Monday, November 09, 2015

The Work of Theology (Stanley Hauerwas): A Review

THE WORK OF THEOLOGY. By Stanley Hauerwas. Grand Rapids: Wm. B. Eerdmans Publishing Company, 2015. Xi + 293 pages.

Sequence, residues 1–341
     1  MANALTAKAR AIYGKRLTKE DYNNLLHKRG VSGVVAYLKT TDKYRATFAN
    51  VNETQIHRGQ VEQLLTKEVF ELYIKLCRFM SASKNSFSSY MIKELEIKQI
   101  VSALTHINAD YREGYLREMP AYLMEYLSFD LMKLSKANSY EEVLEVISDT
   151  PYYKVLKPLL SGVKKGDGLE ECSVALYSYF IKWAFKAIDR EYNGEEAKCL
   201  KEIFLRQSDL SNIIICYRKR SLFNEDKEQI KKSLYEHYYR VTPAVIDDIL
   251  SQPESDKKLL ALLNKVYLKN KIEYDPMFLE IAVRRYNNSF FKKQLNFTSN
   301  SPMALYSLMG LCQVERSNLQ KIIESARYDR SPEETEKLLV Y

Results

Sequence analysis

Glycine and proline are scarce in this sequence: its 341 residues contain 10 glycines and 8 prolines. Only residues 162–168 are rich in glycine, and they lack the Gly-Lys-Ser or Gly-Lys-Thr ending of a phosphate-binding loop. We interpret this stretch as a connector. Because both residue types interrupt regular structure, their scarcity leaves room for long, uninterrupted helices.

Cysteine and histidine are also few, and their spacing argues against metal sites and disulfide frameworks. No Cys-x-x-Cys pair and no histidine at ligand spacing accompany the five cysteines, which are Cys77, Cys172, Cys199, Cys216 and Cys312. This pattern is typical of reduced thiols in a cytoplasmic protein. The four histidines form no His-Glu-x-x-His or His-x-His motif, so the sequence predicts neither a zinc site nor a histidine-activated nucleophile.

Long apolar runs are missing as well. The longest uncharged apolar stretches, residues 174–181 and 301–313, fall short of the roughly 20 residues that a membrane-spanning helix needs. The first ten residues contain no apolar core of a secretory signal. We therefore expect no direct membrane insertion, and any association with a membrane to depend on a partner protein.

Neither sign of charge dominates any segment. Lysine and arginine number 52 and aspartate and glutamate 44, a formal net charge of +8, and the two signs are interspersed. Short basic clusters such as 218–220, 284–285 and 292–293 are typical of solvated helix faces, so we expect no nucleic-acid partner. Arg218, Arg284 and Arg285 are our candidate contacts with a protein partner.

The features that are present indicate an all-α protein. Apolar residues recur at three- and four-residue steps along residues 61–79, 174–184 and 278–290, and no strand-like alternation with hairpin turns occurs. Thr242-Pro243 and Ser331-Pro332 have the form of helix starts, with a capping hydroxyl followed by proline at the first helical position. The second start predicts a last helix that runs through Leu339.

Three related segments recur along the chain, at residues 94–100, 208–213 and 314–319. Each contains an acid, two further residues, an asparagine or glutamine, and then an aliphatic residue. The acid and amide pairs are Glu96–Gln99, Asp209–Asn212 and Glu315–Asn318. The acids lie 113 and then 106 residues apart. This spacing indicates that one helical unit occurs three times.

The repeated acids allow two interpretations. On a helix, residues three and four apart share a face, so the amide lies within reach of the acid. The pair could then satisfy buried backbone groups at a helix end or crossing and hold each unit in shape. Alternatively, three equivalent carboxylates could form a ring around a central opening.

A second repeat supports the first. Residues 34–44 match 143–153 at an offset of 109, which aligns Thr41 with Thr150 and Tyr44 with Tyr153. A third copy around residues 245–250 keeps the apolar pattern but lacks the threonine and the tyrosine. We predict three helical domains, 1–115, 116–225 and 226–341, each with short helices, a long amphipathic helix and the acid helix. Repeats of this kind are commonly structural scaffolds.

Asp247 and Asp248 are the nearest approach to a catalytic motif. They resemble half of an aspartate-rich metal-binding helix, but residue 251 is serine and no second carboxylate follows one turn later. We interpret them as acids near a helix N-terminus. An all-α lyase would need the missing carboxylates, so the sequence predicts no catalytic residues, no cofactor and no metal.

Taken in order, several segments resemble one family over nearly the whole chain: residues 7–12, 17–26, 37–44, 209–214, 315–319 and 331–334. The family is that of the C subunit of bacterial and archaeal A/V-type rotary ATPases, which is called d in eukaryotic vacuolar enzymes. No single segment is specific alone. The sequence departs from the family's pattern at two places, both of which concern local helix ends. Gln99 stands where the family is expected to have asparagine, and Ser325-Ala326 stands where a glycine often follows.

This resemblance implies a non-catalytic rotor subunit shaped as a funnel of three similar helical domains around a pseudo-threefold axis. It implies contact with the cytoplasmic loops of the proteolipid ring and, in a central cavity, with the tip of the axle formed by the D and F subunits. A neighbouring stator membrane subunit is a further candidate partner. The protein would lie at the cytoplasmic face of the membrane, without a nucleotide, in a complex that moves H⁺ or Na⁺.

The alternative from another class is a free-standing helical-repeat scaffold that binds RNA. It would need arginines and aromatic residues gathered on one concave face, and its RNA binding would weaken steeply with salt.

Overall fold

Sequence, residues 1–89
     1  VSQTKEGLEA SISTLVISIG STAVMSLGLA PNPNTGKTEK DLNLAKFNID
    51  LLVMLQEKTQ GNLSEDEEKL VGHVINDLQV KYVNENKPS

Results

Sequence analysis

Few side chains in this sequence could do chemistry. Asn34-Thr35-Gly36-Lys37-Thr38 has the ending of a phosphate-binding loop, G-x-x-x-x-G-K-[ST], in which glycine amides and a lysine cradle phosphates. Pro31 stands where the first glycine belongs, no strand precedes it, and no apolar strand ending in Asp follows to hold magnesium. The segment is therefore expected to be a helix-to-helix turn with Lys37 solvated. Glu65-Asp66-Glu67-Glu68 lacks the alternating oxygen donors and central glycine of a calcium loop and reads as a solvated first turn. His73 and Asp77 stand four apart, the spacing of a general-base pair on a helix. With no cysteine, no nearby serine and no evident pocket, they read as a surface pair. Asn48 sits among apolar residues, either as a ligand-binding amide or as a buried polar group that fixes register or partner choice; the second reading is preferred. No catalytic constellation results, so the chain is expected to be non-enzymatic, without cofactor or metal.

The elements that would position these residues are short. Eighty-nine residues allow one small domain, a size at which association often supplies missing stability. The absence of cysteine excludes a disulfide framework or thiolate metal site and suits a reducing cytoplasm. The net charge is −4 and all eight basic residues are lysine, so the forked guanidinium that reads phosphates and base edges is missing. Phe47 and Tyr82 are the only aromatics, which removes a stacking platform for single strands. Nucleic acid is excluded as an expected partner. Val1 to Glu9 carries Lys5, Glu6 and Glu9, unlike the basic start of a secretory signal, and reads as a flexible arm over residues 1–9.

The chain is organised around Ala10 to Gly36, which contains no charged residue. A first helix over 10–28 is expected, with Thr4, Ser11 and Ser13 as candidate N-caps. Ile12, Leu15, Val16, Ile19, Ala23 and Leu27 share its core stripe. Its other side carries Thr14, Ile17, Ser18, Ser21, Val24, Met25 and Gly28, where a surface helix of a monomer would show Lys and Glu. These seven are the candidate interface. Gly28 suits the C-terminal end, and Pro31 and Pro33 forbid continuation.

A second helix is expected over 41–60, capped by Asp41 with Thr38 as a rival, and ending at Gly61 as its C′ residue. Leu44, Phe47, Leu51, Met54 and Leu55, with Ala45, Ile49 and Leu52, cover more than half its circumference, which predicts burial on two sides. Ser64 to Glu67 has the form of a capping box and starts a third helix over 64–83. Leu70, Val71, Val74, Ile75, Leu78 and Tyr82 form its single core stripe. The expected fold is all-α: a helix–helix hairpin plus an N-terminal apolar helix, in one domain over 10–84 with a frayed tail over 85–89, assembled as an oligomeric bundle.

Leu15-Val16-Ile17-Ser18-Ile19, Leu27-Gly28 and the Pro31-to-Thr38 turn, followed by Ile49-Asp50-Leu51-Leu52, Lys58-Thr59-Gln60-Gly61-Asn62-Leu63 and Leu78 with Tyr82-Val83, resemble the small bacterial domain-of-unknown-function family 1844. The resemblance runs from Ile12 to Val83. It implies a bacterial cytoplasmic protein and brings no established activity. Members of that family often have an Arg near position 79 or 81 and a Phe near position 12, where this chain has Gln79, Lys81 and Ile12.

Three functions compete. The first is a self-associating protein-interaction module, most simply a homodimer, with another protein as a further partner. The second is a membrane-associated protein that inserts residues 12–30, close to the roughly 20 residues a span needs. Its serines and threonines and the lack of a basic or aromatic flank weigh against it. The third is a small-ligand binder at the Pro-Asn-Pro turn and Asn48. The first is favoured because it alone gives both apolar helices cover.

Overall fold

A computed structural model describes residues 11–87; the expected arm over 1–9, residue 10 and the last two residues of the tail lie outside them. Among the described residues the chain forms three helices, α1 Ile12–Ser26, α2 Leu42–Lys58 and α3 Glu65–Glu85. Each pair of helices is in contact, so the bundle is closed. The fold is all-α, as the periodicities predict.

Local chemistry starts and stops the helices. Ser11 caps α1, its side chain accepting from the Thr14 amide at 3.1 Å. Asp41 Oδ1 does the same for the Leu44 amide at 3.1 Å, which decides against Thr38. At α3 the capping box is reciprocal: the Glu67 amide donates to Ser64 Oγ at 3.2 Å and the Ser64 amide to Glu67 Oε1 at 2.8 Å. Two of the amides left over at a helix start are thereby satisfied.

It is often said that if we think about God, then we are theologians. That is true in part, but there are some who devote their lives to diving deep into questions about God and God’s interactions with creation. Many of these persons live within the academic world, though some of us have found a home within congregational ministry. The church benefits from the ministry of those who choose to think deeply about these matters, and in recent years a much more diverse cadre of theological writers has emerged. Whereas a generation or so in the past the leading theologians were white Euro-American males, that is changing. Nonetheless there are still many theologians who are white and male, even as we continue to learn from Dead White Male theologians like Karl Barth and John Calvin and Thomas Aquinas. Among the living white male theologians who continues to leave a mark on our conversations is Stanley Hauerwas, now emeritus professor of divinity and law at Duke University. Hauerwas has been recognized as one of America’s most influential theologians and thinkers by among others Time Magazine. While I do not number myself among the followers of Stanley Hauerwas, I have found him provocative and thus a contributor to my own theological development.